Nurture interests, but recognize that there’s still no consensus about whether high school students should make such decisions let alone middle schoolers.
Many subjects like the arts, social studies, civics, science, and more are given little attention or are missing from the curriculum. These subjects students enjoy, and they help them like school. How much do students miss when they don’t have access to a well-rounded curriculum?
They may also help them with their emotional problems.
Our schools are where students of every age and background come together. Children with disabilities especially wish to fit in with their peers and to be validated as human beings who are loved and cared for.
Public schools should provide opportunities for students to interact and learn about differences and similarities. Instead, they’ve removed these chances for socialization, like eliminating recess.
So, why are 8-year-olds and teens depressed? Why is there so much anxiety? School pressure for the above reasons could be at least part of the reason, including focusing on making super students driven by corporate school reformers.
Adjustments to the public school structure might alleviate the stress children experience and improve their lives.
So timely! Tomorrow I’ll be teaching a class of undergrad education students about supporting their students’ mental health. I’ll start out with this article, and if they say anything interesting, I’ll pass it on.
Nancy Bailey says
Thanks, Carrie. Comments like this keep me writing. Good luck!
Sheila Resseger says
“Why must high school students do college?” Why indeed. I am tutoring a high school sophomore who is taking World History AP (unaffectionately known as WHAP). I have a Masters Degree and 25 years of teaching experience (though not in history), and I consider myself an advanced reader. The textbook throws me for a loop. The pace of topics is dizzying. The short answer questions and essay prompts are mind-boggling. What is the point, except to score high enough on the AP exam and possibly be able to skip a course in college? Why not take the course in college by a professor? What is the point? And did I mention, every assignment is graded to the nth degree and will factor in to the student’s high school transcript. Learning is a process. Why does everything have to be given a grade set in stone? Got stress?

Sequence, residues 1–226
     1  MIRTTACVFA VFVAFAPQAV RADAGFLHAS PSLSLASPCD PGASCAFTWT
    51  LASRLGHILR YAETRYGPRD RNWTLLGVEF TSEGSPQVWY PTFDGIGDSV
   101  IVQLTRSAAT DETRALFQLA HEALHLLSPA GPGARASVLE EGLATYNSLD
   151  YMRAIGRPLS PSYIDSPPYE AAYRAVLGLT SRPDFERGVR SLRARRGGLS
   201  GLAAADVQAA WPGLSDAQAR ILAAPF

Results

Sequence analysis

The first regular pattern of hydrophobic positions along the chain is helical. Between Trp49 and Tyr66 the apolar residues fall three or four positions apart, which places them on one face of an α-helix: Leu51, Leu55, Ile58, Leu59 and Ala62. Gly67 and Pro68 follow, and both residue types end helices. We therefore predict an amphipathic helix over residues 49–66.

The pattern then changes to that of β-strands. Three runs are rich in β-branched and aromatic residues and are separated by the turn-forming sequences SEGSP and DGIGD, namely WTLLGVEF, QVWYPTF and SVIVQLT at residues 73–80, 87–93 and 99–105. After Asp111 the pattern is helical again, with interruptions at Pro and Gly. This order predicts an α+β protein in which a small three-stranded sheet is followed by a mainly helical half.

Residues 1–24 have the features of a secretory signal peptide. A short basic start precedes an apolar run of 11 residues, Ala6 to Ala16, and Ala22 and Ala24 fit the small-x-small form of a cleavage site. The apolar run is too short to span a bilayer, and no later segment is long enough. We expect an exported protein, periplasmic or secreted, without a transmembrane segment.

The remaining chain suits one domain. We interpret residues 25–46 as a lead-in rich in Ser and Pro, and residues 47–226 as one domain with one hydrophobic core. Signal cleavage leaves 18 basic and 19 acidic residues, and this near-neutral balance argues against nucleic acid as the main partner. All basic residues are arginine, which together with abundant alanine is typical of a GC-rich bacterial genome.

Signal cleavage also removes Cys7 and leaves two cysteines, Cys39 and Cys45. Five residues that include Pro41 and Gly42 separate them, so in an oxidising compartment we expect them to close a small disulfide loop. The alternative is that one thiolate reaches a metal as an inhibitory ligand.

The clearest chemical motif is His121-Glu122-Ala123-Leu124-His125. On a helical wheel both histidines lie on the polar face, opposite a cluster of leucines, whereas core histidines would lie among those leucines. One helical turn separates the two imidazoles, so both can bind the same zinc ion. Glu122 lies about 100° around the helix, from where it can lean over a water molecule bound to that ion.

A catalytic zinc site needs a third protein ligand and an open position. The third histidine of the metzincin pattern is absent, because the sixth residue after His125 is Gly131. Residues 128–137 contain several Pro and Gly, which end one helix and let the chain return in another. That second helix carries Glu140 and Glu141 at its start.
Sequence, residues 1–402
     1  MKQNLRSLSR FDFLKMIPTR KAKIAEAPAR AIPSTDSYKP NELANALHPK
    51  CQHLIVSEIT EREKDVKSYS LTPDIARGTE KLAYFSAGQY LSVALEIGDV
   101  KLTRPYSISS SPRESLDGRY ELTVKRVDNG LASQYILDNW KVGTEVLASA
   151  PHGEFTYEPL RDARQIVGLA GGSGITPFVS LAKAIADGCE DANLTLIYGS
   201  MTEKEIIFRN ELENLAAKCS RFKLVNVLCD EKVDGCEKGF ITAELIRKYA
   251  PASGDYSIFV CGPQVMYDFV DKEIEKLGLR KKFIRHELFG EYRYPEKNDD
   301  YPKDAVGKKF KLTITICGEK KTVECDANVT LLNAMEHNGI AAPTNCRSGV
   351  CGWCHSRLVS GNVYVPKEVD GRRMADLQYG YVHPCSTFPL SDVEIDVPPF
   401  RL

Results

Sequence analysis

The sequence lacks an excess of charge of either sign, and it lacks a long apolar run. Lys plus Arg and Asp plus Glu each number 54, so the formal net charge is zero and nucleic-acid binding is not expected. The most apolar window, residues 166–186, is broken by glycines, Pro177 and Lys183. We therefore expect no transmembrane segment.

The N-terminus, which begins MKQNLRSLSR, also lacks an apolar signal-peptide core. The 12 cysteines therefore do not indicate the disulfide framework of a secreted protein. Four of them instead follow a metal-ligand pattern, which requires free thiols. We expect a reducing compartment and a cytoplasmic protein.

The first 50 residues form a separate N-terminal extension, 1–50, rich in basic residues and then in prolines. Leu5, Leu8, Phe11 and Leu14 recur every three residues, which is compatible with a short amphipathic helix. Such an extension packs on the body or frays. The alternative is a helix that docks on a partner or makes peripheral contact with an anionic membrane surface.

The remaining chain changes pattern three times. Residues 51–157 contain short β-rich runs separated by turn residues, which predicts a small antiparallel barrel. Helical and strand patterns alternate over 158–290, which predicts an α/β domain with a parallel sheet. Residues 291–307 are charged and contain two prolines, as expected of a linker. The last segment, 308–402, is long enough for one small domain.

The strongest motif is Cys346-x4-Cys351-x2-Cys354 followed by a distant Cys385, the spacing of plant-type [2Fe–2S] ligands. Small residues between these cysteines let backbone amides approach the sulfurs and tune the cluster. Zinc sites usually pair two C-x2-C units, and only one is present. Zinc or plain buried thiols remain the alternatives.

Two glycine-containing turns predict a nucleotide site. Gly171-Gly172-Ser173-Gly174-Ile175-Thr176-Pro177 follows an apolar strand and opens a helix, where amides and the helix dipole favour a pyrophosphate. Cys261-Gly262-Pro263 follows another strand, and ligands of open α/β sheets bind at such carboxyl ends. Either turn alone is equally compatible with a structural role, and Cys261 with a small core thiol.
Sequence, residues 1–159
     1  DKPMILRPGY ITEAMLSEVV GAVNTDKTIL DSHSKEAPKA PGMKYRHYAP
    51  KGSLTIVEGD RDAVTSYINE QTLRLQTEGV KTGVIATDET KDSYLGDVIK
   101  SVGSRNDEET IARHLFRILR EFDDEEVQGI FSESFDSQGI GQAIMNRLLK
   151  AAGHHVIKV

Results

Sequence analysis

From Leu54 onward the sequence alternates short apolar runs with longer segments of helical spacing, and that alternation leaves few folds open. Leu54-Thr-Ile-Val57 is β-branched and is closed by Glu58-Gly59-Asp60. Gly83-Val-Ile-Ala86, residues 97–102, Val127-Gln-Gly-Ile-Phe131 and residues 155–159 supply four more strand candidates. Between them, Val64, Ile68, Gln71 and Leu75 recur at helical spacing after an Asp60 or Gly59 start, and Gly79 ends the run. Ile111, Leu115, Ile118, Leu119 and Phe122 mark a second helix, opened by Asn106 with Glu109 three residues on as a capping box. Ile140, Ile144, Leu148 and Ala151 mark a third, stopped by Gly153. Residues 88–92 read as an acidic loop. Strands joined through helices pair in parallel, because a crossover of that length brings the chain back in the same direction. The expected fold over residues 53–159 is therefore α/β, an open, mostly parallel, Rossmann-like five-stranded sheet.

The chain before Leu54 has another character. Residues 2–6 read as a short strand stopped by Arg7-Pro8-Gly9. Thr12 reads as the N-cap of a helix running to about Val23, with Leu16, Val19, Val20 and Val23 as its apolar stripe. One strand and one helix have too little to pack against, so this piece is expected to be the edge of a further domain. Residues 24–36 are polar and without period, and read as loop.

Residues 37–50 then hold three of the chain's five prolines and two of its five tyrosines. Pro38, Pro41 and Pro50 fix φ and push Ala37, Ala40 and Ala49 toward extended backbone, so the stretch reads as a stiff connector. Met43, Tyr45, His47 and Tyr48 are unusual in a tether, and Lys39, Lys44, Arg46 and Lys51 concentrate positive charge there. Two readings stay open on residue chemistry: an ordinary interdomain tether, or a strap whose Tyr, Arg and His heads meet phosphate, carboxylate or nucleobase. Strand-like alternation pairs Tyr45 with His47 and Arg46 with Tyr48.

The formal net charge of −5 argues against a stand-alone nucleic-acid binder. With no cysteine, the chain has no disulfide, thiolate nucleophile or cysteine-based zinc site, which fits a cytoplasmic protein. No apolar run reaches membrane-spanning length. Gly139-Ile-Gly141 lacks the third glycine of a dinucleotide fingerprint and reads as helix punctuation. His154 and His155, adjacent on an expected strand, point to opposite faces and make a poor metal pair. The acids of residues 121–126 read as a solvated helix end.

Nancy Bailey says
You and I have discussed this, Sheila, so I’m glad you’re sharing it. It’s unbelievable and so unnecessary. Every stage is pushed to the limits. What joy do students find in their classes and studies? I know that challenging work is important but you and I both understand what this is really about. Thank you. Your sophomore student is lucky to have you as a tutor!
Susan Norwood says
Smaller classes would help a lot. I am an urban high school teacher in a Southern, red state. I currently have 187 students on my roster. We are supposed to have a state cap of 180, but that is routinely overlooked. I can’t even remember this many kids’ names- especially when they don’t even look up when I call roll. They are glued to their cell phones. Since the beginning of the school year, I’ve had around 250 students come through my classroom doors. How does anyone expect us to form bonds with this large number of students? We have a teacher shortage at my school, so this situation isn’t getting any better. I wonder how many parents and community members know how many kids a high school teacher has.
Nancy Bailey says
Thank you, Susan. Unbelievable! I appreciate your clear description of what high school teachers face. I would add that this is a safety issue. How many students feel like no one cares? I don’t know how you do it.
Paul Bonner says
One of the greatest sins of the Standards movement was the resulting treatment of students who were doing fine in school before US News and World Report Colleges ratings and AP exams went nuclear. I was once in a staff meeting where our principal basically said none of us would like what middle schoolers are now being asked to do. I have witnessed too many cases where high achieving students are struggling because our curricular demands reinforce the self concept that they are never good enough. Education policy makers don’t seem to understand, or care, about the damage that these practices have done to students. Voltaire warned us, perfection has become the enemy of the good.
Nancy Bailey says
Absolutely! As a special educator, I’d say too that most children have been denied individualized/small group instruction, due to the push for inclusion, politically to save money. All of these expectations are used to disparage public schools and teachers.